Why You Should Never Use Rehearsal Letters

It happens to the best of ensembles: In the middle of rehearsal, something will go wrong. Rather than start all the way back at the beginning of the piece — which would waste precious rehearsal time, not to mention result in rehearsing things that are already solid — the group will pick things up somewhere in the middle. To get everyone on the same page, they’ll often find a rehearsal mark.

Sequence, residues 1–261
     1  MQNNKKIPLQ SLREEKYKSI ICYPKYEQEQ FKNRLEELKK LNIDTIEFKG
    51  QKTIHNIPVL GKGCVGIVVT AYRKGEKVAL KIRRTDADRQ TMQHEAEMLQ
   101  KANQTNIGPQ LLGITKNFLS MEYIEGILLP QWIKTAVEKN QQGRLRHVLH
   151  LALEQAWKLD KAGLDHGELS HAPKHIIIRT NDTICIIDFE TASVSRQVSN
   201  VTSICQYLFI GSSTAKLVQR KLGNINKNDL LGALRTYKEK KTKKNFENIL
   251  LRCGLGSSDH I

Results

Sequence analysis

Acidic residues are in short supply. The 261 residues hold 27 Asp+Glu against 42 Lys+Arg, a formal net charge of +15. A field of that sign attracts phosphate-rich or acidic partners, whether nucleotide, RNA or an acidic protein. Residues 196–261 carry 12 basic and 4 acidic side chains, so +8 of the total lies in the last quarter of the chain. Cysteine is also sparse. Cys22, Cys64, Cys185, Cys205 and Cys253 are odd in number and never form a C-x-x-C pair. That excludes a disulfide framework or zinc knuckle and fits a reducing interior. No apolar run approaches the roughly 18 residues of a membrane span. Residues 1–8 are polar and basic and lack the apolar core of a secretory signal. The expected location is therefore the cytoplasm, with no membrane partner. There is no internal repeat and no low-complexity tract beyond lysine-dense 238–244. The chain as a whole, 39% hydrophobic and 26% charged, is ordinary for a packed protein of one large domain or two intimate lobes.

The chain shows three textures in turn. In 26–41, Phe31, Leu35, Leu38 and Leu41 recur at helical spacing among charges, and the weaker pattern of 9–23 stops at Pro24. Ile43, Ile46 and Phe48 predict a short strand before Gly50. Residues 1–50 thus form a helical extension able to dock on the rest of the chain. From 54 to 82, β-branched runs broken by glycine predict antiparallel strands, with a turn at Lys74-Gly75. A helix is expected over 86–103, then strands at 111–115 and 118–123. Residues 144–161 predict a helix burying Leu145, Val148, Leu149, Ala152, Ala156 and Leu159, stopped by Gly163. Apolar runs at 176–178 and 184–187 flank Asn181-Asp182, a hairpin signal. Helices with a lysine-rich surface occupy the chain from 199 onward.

Rehearsal marks — in this format specifically, they’re rehearsal letters — and composers (or editors or engravers) will dot them thruout the score to mark significant landmarks in the piece to aid in the rehearsal process. In traditional Western musical notation, and still as the default setting for most engraving software today, they’ve taken the form pictured above: A capital letter inside a circle or a box. This is an unfortunate practice that should absolutely be discontinued — basically all rehearsal marks should be boxed bar numbers instead.

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